Isn’t next years Godzilla just a pointless exercise?

Hollywood is a business, and just like any successful business they are in business to make a profit. Although they may not always get it right (John Carter, Waterworld), on the whole most movies that come out of Hollywood recuperate their costs through boring things like marketing and demographics – in other words they give us what we want, what we like and what we enjoy. If they didn’t deliver what we desired, then they wouldn’t make a profit. Some just like to complain because they are never happy, yet you will always see them in the cinemas on opening night.

Do you think Hollywood is running out of ideas, or are the pessimists never satisfied? It would be really interesting to hear people’s views on this topic.

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Travlis ›

This was a very interesting article Gavin.

The main six studios are seemingly running out of ideas. This is because their mondus operadi often (but not always) excludes smarter screenplays that display more profound plotlines in lieu of explosions. But filmmakers such as Christopher Nolan, Alfonso Cuaron, and Guillermo Del Torro show that smart filmmaking can often include explosions and grand visual effects.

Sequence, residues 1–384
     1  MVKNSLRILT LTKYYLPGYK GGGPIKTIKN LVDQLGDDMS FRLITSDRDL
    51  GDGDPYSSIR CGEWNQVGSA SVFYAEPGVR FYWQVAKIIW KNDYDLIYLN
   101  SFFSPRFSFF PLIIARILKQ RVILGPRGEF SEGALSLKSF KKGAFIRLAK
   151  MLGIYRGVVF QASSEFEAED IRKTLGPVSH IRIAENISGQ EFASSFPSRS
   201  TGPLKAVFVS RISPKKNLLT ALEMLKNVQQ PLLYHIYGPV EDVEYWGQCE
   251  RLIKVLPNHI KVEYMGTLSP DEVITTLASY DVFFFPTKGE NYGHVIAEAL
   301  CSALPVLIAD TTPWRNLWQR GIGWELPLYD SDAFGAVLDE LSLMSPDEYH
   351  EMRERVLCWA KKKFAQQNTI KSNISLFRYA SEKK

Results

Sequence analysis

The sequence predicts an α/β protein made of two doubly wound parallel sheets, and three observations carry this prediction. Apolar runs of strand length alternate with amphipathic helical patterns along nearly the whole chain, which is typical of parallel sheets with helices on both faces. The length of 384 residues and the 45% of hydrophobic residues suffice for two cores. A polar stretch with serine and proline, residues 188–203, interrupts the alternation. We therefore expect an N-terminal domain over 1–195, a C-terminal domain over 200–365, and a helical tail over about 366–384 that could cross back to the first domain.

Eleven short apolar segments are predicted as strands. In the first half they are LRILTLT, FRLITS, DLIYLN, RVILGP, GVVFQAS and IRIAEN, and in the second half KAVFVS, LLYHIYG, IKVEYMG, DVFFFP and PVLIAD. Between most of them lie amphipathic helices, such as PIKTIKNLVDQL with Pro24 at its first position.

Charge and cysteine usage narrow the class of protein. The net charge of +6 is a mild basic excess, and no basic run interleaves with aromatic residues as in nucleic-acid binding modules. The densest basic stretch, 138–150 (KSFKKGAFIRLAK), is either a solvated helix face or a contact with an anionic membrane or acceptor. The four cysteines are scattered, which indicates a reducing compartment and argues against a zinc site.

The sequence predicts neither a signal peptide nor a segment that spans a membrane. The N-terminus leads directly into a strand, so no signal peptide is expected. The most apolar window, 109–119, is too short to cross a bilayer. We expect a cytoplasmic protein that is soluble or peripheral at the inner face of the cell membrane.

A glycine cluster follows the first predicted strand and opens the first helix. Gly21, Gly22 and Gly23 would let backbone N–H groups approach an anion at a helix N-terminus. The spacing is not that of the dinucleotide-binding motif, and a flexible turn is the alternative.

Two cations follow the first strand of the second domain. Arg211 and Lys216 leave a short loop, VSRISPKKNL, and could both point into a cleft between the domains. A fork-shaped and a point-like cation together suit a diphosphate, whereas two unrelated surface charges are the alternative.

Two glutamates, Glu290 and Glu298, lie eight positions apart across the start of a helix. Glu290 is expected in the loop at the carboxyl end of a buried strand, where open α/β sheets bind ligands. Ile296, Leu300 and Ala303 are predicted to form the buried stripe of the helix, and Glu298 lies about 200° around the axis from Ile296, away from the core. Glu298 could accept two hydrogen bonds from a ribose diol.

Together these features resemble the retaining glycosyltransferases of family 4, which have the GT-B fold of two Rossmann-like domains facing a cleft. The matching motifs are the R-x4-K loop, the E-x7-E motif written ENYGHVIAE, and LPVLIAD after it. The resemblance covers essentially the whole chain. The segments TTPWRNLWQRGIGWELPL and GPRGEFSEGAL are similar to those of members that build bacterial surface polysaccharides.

I have read numerous books by Hollywood producers that all inform the reader that Hollywood must put out a product that will attract masses of movie goers. This is why usually the more intricate plotted films come from studios such as The Weinstein Company and Miramax. Even the latter mention company is struggling to make new creative content, due to new ownership.

Audiences have the right to demand the best quality product on screen, and this often calls for new creative content. I personally enjoy original ideas over franchises, but who says that franchises can't be smart and thrilling? A serious problem may lie in the studios' want to needlessly convert a previously released title to 3D. Most people find this unnecessary and then it is associated with other upcoming reboots. In regards to reboots, Batman Begins and Casino Royale were definitive reboots, but that concept may have bee exhausted over the past six years.

Although hardly original, perhaps what would now help Hollywood is to find a ways to successfully bring movies based off of video games to the screen, in the same manner that superhero films have been brought to cinematic life.

SFKris ›

I see Ben Stiller is directing and starring in a remake of 'The Secret Life of Walter Mitty.' Do you need any more proof that Hollyweird is idea-bereft?